Seoul / Against the tides: Cheonggyecheon’s socio-political involvement

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There were a lot of oppositions toward the project.  The traffic department is the first to voice out, as they could not foresee where to relocate the congested traffic flow from the highway.  If it is demolished, there would be 170,000 cars running elsewhere in Seoul which may cause a huge burden to the existing traffic network.  Apart from that, most people in the government are afraid that the construction is not necessary.  Unnecessary work is the most unfavorable culture among bureaucrats.  The local merchants and peddlers were also reluctant to make any changes to the current situation.  Although the environment is bad in terms of air quality and living standard, the existing business network is strong and the community is very well established.  Neither one of them would expect to be disturbed.

Lee Myung Bak, mayor of Seoul of the time, insisted on the implementation of the project.  He had held hundreds of meetings with peddlers and agreed to reallocate them to Dongdaemun Stadium, where later become one of the important cultural hubs.  Although the negotiation did not go completely well, still some peddlers remained there and protest against the government (there was violent protests and even one vendors suicided during the incident).

After that, the project has successfully received certain attention from the media, and coverage on this is huge.  The social media has turned the tide against development into support towards the trend of preserving quality of life and in hope of a healthier Seoul.  Time also proven that due to the mass media coverage, more and more people are going to Dongdaemun Stadium to visit the reallocated market, which defeated the previous doubt about adverse effects on peddlers’ livelihood.

Table 1    Attitude of print media coverage (number of articles)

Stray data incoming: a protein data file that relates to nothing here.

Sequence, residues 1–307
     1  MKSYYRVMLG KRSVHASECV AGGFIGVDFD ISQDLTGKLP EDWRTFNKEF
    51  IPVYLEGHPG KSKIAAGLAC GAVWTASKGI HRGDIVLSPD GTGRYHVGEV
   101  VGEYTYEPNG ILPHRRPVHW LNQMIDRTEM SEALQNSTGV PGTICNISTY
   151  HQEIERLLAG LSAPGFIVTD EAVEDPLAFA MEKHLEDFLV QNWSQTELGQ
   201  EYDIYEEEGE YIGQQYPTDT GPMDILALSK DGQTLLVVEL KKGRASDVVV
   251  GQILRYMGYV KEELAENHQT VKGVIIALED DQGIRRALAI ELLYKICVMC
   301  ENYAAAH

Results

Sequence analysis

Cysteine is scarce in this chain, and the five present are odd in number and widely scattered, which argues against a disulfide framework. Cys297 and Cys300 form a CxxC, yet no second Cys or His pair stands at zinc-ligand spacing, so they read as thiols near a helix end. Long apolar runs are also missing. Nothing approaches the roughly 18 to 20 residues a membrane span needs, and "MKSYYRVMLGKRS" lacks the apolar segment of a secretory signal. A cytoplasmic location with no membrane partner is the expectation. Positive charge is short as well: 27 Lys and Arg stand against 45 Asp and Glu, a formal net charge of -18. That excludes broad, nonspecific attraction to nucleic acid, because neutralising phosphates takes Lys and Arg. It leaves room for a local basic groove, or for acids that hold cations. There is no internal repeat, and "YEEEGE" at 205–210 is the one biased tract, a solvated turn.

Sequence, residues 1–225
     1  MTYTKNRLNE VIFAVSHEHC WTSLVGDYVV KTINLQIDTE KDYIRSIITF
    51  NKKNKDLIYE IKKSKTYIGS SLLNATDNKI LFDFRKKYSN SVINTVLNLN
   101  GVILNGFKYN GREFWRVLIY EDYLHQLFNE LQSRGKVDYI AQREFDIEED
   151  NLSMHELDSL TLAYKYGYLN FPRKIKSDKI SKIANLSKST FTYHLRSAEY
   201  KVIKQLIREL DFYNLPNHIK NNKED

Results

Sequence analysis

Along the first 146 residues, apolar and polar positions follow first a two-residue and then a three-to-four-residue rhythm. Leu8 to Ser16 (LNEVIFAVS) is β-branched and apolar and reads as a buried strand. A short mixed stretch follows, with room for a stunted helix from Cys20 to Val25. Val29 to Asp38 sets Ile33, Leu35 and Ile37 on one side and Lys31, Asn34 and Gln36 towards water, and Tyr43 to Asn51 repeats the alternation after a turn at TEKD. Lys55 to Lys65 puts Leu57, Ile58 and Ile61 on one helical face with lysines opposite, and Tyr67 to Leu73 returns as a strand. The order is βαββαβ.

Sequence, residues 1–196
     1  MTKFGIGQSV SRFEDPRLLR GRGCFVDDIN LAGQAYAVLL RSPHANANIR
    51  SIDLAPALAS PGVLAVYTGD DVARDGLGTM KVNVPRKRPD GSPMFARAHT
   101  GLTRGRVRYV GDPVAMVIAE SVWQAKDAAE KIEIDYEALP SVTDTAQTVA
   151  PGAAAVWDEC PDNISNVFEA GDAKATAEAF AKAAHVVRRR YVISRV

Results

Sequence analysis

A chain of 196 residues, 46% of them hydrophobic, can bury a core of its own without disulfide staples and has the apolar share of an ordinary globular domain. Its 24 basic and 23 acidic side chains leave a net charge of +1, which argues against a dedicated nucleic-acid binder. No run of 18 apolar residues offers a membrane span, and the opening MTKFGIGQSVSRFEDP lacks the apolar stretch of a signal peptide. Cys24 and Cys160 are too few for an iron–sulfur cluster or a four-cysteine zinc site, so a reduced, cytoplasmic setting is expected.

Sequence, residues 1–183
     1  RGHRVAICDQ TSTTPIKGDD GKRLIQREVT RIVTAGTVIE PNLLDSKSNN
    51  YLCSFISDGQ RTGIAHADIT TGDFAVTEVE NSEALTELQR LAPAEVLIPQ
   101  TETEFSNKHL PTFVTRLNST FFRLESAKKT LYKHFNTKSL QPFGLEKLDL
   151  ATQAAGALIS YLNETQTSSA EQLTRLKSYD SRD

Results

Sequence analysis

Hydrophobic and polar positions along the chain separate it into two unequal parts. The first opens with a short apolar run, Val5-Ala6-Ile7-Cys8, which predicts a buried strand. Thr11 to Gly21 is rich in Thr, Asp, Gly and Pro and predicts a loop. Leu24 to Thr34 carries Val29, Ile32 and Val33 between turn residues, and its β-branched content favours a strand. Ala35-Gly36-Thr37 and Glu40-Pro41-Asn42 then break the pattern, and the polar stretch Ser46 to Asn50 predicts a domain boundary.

Attitude Very negative Negative Neutral Positive Very positive Total
Frequency 40 58 129 66 57 350
Percentage 11.43% 16.57% 36.86% 18.86% 16.29% 100%

Source: Lah 2003.

 

Another difficulty faced is the water.  This essential element resemble the function of the river dated back when people are still honoring it as an important Feng Shui element.  The water in Cheonggyecheon nowadays is actually not from the original source of the river, instead it is extracted from Hang River and underground water from the metro.  The water is treated elsewhere to make sure that it is drinkable when it comes to Cheonggyecheon.  This procedure took the government a high maintenance cost of 1.7 billion annually.  The cost had been paid to the water company until 2005 when cooperate agreed to provide this transition of water for free due to public interest.

 

Reference

Hefu, L. (2008). Midnight 5am: The Biblography of Lee Myung Bak. Taiyuan: Shanxi Commune Publish.

Rudiger Frank, James E. Hoare, Patrick Kollner, Susan Pares. (2010). Conflict Management in Urban Planning. In Korea 2010: Politics, Economy and Society (pp. 85-112). Leiden: Koninklijke Brill NV.

Rudiger Frank, James E. Hoare, Patrick Kollner, Susan Pares. (2007). Korean Modernism, Modern Korean Cityscapes, and Mass Housing Development: Charting the Rise of Ap’at’u tanji since the 1960s. In Korea 2007: Politics, Economy and Society (pp. 85-112). Leiden: Koninklijke Brill NV.

Lah Tae-joon (2003), ‘Analyzing the contents of press reports on Cheonggyecheon restoration projects’, in Journal of the policy analyzing and evaluation committee, 13(2), pp. 149-67.

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